At the same time, many people involved with modern leagues want absolutely nothing to do with roller derby’s theatrical past, working under the impression that doing so will make it easier to work towards gaining ground in establishing legitimacy. Completely cutting off ties to the past may indeed be a good thing when it comes to educating people about what today’s game is all about.

On the other side of the coin, there were things in the original form of roller derby, before the game became entertainment-based, that could be of help in today’s drive to improve the game for everyone. Much of the groundwork for a fair set of rules was devised in derby’s pre-history, and ignoring the blueprints of the past, which have been around for more than 75 years, may be a bit narrow-minded.

Regardless of what you think about the old game, there’s no harm in taking the time to see where it all began. The origins of roller derby, its history, and its original rules came about for a reason, and there may be some useful information for today’s roller derby to take from it. Maybe with this extra perspective, everyone in the derby community can help themselves make a better game for everyone—players and fans alike.

So jump into your time-travelling machine of choice, set the dials for the 1930s, and warp back to the first time a new skating sport emerged from a major American economic recession…

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WRDN Presents: The Another Derby Series

What is roller derby?

Seems like a pretty easy question to answer. Most people in the derby community might respond to it with something like this:

Roller derby is a team game played on roller skates where a player from each team has the ability to score points by passing players from the other team, and is a game where teams play offense and defense simultaneously.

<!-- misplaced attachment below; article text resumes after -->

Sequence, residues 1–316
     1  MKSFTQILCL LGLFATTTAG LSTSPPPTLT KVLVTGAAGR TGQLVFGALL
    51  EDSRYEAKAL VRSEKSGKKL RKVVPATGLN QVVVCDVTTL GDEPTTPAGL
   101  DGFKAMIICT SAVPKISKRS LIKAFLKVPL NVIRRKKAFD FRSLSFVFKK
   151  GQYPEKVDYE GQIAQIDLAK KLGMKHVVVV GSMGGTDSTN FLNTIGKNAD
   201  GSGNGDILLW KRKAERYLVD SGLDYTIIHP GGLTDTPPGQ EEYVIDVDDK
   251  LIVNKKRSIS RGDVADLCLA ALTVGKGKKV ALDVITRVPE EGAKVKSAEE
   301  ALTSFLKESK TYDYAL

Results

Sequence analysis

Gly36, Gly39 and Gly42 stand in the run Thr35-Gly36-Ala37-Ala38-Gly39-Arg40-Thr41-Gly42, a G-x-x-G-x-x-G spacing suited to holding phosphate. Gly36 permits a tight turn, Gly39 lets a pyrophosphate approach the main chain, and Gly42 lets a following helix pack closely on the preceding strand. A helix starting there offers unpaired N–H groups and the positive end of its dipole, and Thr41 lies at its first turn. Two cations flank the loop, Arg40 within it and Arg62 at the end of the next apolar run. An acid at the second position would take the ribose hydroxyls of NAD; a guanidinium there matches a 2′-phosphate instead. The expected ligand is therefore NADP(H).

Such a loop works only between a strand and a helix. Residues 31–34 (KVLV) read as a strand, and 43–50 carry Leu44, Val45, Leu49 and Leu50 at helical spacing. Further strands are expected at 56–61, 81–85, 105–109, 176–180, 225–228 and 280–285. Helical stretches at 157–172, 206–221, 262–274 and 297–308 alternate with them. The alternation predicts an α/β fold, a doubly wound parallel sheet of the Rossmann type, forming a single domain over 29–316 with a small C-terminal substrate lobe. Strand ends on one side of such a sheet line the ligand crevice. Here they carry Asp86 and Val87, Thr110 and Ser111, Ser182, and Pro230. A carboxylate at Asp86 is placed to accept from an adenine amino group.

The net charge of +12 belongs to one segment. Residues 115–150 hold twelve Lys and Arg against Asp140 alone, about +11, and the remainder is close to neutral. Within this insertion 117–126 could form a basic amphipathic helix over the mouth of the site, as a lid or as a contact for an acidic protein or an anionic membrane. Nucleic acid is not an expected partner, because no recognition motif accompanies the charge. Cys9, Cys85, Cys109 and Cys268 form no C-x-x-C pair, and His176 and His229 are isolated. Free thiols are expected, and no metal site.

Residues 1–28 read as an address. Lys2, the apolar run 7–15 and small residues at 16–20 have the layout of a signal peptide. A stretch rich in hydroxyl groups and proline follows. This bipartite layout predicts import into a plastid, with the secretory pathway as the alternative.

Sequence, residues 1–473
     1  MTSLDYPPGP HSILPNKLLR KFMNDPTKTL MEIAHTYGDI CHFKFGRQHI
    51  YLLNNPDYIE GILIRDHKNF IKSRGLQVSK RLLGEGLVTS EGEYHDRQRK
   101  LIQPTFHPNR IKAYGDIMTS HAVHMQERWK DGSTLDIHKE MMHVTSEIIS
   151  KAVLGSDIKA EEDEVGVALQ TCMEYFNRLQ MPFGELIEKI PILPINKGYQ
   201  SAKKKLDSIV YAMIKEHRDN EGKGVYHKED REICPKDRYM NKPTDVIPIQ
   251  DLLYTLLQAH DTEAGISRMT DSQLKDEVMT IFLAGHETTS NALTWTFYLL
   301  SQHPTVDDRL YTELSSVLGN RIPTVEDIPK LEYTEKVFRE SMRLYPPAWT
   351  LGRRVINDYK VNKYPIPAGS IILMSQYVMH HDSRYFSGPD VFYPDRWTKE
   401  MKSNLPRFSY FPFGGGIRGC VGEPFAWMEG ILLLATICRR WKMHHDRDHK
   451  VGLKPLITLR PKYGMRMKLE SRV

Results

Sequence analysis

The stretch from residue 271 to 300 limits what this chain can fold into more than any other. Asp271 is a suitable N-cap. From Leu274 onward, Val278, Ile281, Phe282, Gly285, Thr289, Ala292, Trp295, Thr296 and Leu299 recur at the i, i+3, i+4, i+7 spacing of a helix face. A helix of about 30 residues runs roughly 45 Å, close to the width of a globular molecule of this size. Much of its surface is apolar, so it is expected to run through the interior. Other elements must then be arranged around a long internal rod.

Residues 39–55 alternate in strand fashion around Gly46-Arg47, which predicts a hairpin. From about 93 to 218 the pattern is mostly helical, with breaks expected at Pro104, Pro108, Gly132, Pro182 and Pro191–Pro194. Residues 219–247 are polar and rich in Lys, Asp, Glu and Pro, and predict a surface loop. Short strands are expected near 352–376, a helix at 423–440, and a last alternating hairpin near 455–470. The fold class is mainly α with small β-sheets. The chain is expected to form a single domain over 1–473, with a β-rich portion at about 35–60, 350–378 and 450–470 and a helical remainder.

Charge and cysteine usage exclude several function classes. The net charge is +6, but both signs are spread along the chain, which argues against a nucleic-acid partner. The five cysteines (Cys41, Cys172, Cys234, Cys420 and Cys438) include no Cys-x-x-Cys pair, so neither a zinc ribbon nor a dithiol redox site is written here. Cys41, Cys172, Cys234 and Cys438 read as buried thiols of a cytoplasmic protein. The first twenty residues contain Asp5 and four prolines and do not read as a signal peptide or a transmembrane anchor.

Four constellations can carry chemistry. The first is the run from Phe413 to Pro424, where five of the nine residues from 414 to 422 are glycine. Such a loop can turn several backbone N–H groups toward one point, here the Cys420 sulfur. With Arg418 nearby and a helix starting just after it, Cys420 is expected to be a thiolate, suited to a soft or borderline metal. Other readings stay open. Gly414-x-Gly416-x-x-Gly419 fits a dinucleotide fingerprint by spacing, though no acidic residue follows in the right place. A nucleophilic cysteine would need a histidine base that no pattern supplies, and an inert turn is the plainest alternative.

For most people, that should be sufficient enough to send them on their way.

But not me.

When I ask, “what is roller derby,” I don’t mean how the game is played.

Nor am I asking for a description of modern derby, the people playing it, the explosive growth of the modern game, or the culture and attitude that permeates through it.

What I really mean is, “why is roller derby?”

In other words: What makes the sport of roller derby, roller derby?

What’s the real reason for having a pivot? If roller derby is supposed to be a game where teams play offense and defense constantly and simultaneously, why do power jams have to be an exception to that? What’s the real difference between “fast derby” and “slow derby?” Why is “the pack” such an important part of making the game work?  What does it really mean to play as a “team” in roller derby?

Just how is this sport actually supposed to work?

Many of the fundamental concepts that make derby what it is are unknown to many, including many of the players playing it. Established team sports like football, hockey, basketball, and soccer have been around for decades, and throughout this time has been built volumes upon volumes of knowledge to refer to when teaching the basics, crafting strategies, and refining rules to play by. Roller derby as we know it today has no such repository.

I think it’s about time I change that.

Roller derby is more than 75 years old. During this time, different people tried making their own versions of roller derby (or something resembling roller derby) to various levels of success.

Since those that fail to learn from history are doomed to repeat it, and the last thing any of us wants is to see roller derby fade away again, the Another Derby series will highlight six different variations of roller derby that have appeared throughout the years, using the history of the game to demonstrate the concepts behind the sport of derby.